SCOTT D. ROSENBAUM – Writer/Director/Producer

Scott D. Rosenbaum is an independent writer/director/producer based in New York.

A Long Island native, Rosenbaum attended The George Washington University.  While at GW, Rosenbaum worked in the media and press offices both in The US Senate and The White House.  He graduated with a Bachelor of Arts degree in journalism. 

After graduating, Rosenbaum engaged in several careers while writing screenplays and studying directing at various New York City Workshops. First, working in the financial industry and then in his family business developing childcare centers in and around the New York metropolitan area. Over that time, Rosenbaum had the good fortune to study under legendary Director Gene Frankel at his lower Manhattan Theater until Frankel’s death. He continued studying directing with former NYU Professor Adrienne Weiss who produced Rosenbaum’s first film, the short, “Coda.” Rosenbaum also studied directing under Lenore DeKoven of Columbia University Film School.

In 2002, Rosenbaum began the seven-year process, writing and developing the story and screenplay, which ultimately became his debut feature film, “The Perfect Age of Rock ‘n’ Roll.” During this time he started Red Hawk Films, which produced, “Coda” and “Perfect Age.” In 2007, Rosenbaum met Oscar winning director Spike Lee who, after reading the screenplay for “Perfect Age” and viewing his short film “Coda,” invited Rosenbaum to apprentice with him during the filming of his World War II epic, “Miracle at St. Anna.” This experience took him to Rome and Tuscany for three months, where “Miracle” was filmed on location. After returning to New York, Rosenbaum finalized rewrites on “Perfect Age” and went into pre-production for the film. “The Perfect Age of Rock ‘n’ Roll” stars Kevin Zegers, Jason Ritter, Taryn Manning and the iconic Peter Fonda.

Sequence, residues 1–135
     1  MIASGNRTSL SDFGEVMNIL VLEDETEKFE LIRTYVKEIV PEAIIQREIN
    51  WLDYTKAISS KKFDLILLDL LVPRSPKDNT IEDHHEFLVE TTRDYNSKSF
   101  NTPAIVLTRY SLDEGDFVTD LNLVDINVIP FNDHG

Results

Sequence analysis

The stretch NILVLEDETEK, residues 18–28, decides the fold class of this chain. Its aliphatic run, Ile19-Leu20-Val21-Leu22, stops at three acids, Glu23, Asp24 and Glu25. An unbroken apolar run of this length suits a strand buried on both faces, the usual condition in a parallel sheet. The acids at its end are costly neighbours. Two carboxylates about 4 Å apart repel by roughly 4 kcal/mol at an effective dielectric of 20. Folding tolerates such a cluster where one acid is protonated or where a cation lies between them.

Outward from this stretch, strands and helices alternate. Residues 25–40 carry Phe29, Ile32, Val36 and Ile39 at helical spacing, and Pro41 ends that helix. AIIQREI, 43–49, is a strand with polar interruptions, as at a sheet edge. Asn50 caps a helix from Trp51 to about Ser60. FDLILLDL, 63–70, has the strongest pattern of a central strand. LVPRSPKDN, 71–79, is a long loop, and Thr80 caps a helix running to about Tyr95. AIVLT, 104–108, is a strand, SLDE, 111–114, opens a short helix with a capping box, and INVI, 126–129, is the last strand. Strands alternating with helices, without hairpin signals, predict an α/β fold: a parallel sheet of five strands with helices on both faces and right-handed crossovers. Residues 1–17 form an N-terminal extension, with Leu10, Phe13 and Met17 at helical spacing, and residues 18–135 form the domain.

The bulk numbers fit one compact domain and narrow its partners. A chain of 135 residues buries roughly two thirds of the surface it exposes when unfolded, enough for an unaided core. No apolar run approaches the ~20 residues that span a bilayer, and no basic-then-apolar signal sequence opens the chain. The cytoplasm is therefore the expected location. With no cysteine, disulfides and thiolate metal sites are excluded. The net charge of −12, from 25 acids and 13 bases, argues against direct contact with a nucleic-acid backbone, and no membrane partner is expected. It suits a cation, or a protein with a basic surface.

STEVE CONTE – Musician

Steve Conte is a New York City musician; guitarist and singer of the band Steve Conte & The Crazy Truth. Their eponymous, critically acclaimed, Steve Conte-produced debut album was released on October 20, 2009 on Varèse Sarabande Records. He was also lead singer/guitarist/songwriter of The Contes, along with his brother John Conte, both formerly members of the band Crown Jewels.

He is perhaps more popularly known for being former lead guitarist of the New York Dolls. Conte also plays guitar in Hanoi Rocks singer Michael Monroe‘s new band —along with fellow New York Doll and bassist Sami Yaffa, and guitarist Ginger of The Wildhearts.

Conte first became known to the music industry in the early 1990s as the songwriter and guitarist of the band Company of Wolves (Mercury Records) and has since worked with artists such as Peter Wolf, Willy DeVille, Maceo Parker, Phoebe Snow, Billy Squier, Suzi Quatro, Jill Jones, Chuck Berry, Paul Simon, Simon & Garfunkel, David Johansen & The Harry Smiths, Willie Nile and Eric Burdon & The Animals.

His songs appear in many feature films including The Perfect Age Of Rock ‘n’ Roll, Growing Pains and network television shows (Sons Of Anarchy, Smallville).